I hadn't heard of this book before I saw it on a bookstore table, but have been interested in the aftermath of Katrina.
My first week teaching was the week before Katrina hit. I remember telling my classes that it was going to be a big deal. And, sure enough, I was right. When we talk federalism (sharing power between the states and the national government), I always talk about Katrina and the clusterf*** that it was.
My good friend Kelli moved to Wyoming for grad school a few weeks before Katrina hit. Her family lost their home. As you might imagine, it's affected her quite a bit. Through her personal experience, grad school research, and work in the region, Katrina has stayed in the forefront of my mind.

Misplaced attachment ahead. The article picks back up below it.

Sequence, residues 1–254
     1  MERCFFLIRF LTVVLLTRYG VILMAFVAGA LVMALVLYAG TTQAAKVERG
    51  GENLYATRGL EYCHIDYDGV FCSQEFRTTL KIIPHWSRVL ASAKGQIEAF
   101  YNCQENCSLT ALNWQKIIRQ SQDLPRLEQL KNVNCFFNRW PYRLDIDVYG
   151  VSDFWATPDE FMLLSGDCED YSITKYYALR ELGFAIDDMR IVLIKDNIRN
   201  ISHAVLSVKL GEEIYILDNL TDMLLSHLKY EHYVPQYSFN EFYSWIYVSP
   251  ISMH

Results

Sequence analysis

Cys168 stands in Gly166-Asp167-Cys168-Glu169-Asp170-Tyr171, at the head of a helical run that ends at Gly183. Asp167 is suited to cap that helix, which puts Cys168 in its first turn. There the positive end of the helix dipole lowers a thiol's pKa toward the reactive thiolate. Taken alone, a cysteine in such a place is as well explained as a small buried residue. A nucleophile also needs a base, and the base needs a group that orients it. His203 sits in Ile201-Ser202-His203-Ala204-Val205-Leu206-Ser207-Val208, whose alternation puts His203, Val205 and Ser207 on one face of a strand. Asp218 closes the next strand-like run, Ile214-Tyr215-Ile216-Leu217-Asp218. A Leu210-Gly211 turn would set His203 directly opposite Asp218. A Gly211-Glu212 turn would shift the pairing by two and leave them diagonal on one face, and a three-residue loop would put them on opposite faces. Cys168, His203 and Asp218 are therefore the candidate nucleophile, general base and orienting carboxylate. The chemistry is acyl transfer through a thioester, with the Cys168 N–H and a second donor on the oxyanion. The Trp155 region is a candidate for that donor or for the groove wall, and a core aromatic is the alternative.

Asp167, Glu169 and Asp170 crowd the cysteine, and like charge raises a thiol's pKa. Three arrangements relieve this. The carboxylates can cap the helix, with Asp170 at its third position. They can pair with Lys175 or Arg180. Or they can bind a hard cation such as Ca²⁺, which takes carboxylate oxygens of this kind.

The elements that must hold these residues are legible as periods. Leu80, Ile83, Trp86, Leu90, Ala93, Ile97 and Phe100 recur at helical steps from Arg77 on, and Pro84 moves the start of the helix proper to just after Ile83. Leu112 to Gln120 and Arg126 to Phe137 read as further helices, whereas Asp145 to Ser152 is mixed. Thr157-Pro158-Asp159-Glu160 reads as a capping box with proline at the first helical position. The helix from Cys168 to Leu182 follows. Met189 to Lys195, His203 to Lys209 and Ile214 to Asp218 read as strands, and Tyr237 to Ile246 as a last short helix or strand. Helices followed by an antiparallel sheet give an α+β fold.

So, I saw this book at the bookstore and immediately picked it up. It is the story of nine New Orleanians. (What the heck are they called?) It follows their lives in New Orleans prior to, during, and after Katrina.
It was a bit slow for me in the beginning, but picked up towards the middle. The last part with Katrina and its aftermath was fascinating. Since these are actual people and their stories, the reality of what they experienced was overwhelming: the anger and helplessness they felt. Some of the people profiled are the parish coroner, a relative of the woman in the wheelchair at the Superdome, a cop, and the owner of the bar that stayed open that you probably saw on tv. The author's exploration of social issues, particularly race, was a consistent theme throughout the book, which gave a real sense of this is how things are.
I've already sent it to Kelli. I can't wait to hear what she thinks about it given all she's been through. I'm really bad/good about doing this-- handing books over to people because I want to know what they think.
In short, another non-fiction book that reads like a novel, my favorite kind! If you are interested in race relations or Katrina, definitely pick it up!